The potential benefits of managing crops using precision farming techniques include: (1) the economic benefit of an increase in crop yield, and/or a reduction in inputs, i.e. seed, fertiliser and agrochemicals, and (2) the environmental benefit from a more precise targeting of agricultural chemicals. Over the past decade, the technology has become commercially available to enable the farmer to both spatially record the yield from a field (Murphy et al., 1995; Birrell et al., 1996; Stafford et al., 1996) and vary both seed and fertiliser rates on a site-specific basis. Significant advances have also been made (Miller & Paice, 1998) to permit the spatial control of weeds on a site-specific basis by varying the dose rate of herbicides depending upon the weed density. However, the benefits of either an increase in yield and/or a reduction in fertilisers and agrochemicals have to be offset against the costs of investing in specialist equipment to enable yield maps to be produced and variable applications to be implemented. The aim of this paper is to address these issues. A range of potential benefits have been reported, from various combinations of different variable application rate practices. Earl et al. (1996) postulated a potential benefit of £33·68 ha−1 could be possible combining variable nitrogen application and targeting subsoiling to headlands for a crop of wheat in the UK, when wheat prices were £125 t−1. Increases in returns exceeding £57 ha−1, when maize seed rates were varied according to soil depth, were reported by Barnhisel et al. (1996). Measured returns in the range of −£11·14 to £74·09 ha−1 were reported by Snyder et al. (1998) on irrigated maize in the USA. Schmerler and Basten (1999) measured an average benefit of £38·60 ha−1 when growing wheat on a farm scale trial where both seed and agrochemical rates were varied. Studies conducted by James (2000) investigated the benefits of using historic yield data as a guide to varying nitrogen application, for winter barley on a field with both clay loam and sandy loam soil types. Data from the first years results, i.e. 1997 harvest reported by Godwin et al. (1999), indicated that an economic benefit of £27·60 ha−1 could be possible. This analysis was based upon spot measurements of the yield rather than those for the complete zone in either soil type, however, it is generally indicative of the potential benefits. A further part of the experiment applied nitrogen based upon the calculated value of the most economic rate of nitrogen (MERN) and nitrogen rate for maximum yield (NMAX) in the previous year, after the principles developed by Kachanoski et al. (1996). The main conclusions of this research were that: (1) the maximum yield of the response curve for each soil type (NMAX) occurred at the same application rate in each growing season, (2) the MERN for each soil type were not significantly different, and (3) based on yield information from previous yield maps, there was no simple variable rate application strategy that provided a yield or economic benefit compared to a uniform application of nitrogen fertiliser. The work reported in Godwin et al. (1999) also demonstrated the effect of the nitrogen/grain price ratio on the economic return to variable application of nitrogen and that at 1999 prices of £80 t−1 for grain and £0·30 kg−1 for nitrogen the MERN rates were 15 to 30 kg ha−1 lower than NMAX. The costs of implementing precision farming practices have been reported by a number of researchers. Earl et al. (1996) estimated the costs of yield map production and the ability to apply fertiliser on a site-specific basis to be £10·46 ha−1 for an arable area of 250 ha, at 7% interest rate amortised over a 5-yr period in the UK. A later estimate of £7·81 ha−1 was made by James (1998), for a similar system, the difference in cost being the reduction in hardware and software cost over the 2-yr period and the removal of the differential global positioning system (DGPS) costs. In the same year studies, in the USA, Snyder et al. (1999) estimated the cost of yield mapping and variable rate equipment, for nitrogen application for two fields of 49 and 64 ha as £8·50 ha−1. Studies by Schmerler and Basten (1999) reported costs of £15·46 ha−1 (49DM ha−1) for a 7100 ha German farm, of which 3900 ha was suitable for site-specific management. The major reason for the higher figures reported by Schmerler and Basten (1999) was the cost of the equipment variably applying herbicides in addition to variably applying seed rate and fertiliser.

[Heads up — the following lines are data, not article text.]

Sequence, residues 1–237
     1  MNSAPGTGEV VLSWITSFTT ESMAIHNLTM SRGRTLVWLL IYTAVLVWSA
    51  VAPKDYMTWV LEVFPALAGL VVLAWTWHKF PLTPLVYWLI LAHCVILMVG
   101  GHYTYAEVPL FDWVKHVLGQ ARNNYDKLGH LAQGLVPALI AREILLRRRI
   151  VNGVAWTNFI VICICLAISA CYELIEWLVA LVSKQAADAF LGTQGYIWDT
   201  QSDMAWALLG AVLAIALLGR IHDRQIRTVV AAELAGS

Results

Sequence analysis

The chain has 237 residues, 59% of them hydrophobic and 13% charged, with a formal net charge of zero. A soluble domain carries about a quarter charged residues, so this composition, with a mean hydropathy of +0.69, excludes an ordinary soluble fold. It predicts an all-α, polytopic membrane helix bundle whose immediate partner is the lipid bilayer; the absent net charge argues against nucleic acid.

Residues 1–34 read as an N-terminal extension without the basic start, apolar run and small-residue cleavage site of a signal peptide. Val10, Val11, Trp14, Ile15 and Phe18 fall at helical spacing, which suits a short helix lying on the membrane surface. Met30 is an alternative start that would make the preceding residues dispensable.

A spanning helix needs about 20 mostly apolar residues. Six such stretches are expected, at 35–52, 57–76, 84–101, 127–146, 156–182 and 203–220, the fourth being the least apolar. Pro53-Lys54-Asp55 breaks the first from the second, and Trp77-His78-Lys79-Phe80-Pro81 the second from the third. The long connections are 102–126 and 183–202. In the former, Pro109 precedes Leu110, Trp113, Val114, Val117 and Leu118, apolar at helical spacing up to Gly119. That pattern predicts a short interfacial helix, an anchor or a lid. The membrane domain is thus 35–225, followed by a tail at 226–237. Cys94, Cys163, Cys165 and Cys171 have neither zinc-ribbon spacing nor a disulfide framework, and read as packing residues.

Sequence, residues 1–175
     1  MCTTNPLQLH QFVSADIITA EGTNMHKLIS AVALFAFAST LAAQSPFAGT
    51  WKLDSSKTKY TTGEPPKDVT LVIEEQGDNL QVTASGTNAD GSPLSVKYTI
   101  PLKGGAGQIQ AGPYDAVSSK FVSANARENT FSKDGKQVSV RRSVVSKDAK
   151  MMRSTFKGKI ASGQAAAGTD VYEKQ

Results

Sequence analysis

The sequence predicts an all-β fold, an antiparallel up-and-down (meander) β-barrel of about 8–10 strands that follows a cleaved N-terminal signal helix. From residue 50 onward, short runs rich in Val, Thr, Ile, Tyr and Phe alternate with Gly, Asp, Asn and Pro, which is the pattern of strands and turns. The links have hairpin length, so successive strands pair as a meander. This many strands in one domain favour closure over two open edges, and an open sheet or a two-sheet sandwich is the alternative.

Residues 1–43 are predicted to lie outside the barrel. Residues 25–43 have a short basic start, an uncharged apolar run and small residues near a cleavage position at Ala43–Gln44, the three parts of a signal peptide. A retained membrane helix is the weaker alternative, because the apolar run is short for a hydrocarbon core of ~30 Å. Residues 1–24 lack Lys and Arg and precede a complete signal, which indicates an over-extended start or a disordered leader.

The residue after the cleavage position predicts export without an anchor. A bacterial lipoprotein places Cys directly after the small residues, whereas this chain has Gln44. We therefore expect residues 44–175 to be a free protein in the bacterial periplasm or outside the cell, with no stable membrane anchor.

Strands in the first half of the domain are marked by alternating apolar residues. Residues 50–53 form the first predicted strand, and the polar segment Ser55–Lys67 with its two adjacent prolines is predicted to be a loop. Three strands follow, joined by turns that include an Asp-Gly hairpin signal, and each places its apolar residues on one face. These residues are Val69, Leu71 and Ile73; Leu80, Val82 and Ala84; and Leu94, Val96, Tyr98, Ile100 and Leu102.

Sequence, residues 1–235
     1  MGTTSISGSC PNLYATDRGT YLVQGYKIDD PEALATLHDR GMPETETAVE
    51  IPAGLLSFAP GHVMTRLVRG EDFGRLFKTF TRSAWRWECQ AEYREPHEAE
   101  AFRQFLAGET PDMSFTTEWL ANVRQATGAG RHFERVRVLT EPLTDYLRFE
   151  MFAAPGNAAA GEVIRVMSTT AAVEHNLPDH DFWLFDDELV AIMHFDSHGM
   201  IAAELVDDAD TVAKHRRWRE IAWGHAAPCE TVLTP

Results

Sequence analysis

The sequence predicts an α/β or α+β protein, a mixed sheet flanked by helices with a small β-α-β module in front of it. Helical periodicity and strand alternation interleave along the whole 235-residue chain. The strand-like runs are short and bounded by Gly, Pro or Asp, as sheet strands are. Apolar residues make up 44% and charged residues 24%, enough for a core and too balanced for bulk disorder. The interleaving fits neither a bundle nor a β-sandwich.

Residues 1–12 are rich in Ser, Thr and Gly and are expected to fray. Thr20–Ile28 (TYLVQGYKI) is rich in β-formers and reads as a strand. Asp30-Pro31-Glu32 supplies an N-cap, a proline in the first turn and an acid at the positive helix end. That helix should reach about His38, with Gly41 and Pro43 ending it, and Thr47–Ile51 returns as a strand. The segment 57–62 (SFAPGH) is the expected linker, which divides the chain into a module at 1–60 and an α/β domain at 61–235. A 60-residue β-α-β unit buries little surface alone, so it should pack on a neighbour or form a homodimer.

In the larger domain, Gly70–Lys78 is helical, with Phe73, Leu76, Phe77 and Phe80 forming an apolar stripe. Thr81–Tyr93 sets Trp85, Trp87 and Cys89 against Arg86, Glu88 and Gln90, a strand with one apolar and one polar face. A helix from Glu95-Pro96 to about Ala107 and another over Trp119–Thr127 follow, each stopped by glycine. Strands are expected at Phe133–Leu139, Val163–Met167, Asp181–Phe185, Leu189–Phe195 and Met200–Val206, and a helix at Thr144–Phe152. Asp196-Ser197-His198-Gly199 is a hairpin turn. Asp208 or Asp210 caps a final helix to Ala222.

نتیجه گیری انگلیسی
These conclusions are based upon nitrogen and cereal prices at £300 t−1 and £65 t−1 respectively, and for equipment prices in the UK in January 2001. (1) At the above prices the benefits of the variable rate application of nitrogen, based upon crop canopy management using aerial digital photography compared to a standard uniform rate provided an average improvement of £22 ha−1. This was based upon the results of eight experimental strips in two fields of wheat, with a range of seed rates. The fields were located in Southern and South Eastern England and represented soils similar to 30% of the arable growing area of England and Wales. (2) Applying nitrogen fertiliser based upon the variations in historic yield is not economically justified. (3) The capital cost of yield mapping and variable application equipment varies from (a) basic precision farming system (£4500) which uses a non-differential global positioning system with the yield monitor to produce a yield map and a forward speed indicator to advise the operator of the target speed needed to achieve the required application rate, to (b) differential global positioning system equipped unit with greater spatial accuracy and automatically controlled variable application systems ranging in cost from £11500 to £16000, depending upon the level of integration and compatibility with existing farm machinery, the most expensive system permitting both yield mapping and spatially variable application to be undertaken concurrently. (4) The annual cost per hectare of the above equipment over a 5 yr depreciation period, at an interest rate of 8.5% together with maintenance and training vary between £4.67 and £18.46 ha−1 for the basic and most expensive system, respectively, for an area managed by the precision farming system of 250 ha. These costs will change in inversely with area managed per unit. (5) The benefits outweigh the additional costs of the investment in precision farming systems and services for cereal farms greater than 80 ha for basic low-cost systems and 200–300 ha for the range of the more sophisticated systems. These figures also assume a £7 ha−1 charge for crop canopy images either from aerial or ground-based systems. (6) The costs of detailed soil analysis prohibit collection from a dense grid of data points and targeted sampling based upon significant variations in yield or soil type is recommended. (7) Common problems, such as water logging and fertiliser application errors, can result in significant crop yield penalties. Precision Farming can enable these problems to be identified, the lost revenue to be calculated and the resultant impact on the cost/benefit to be determined. This provides a basis from which informed management decisions can be taken. (8) Work carried out by other researchers indicates that savings in herbicide use of the order of £0·50 to £20·70 ha−1 can be made. (9) Currently aerial digital photography appears to be less expensive than tractor mounted radiometers (TMR)for collecting normalised difference vegetation index data; however, ‘real time control’ of nitrogen based on a TMR system offers the least cost option. (10) The scale of the benefits obtained from precision farming practices depends upon the magnitude of the response to the corrective/variable treatments and the proportion of the field which will respond. Typically a farmed area of 250 ha of cereals, where 30% of the area will respond to corrective/variable treatment requires an increase in yield on the responsive areas between 0·25 and 1·0 t ha−1 for the basic and the most expensive system, respectively. These figures will change in inverse proportion to (i) the size of the area managed with each precision farming system and (ii) the percentage of the field that will respond to treatment.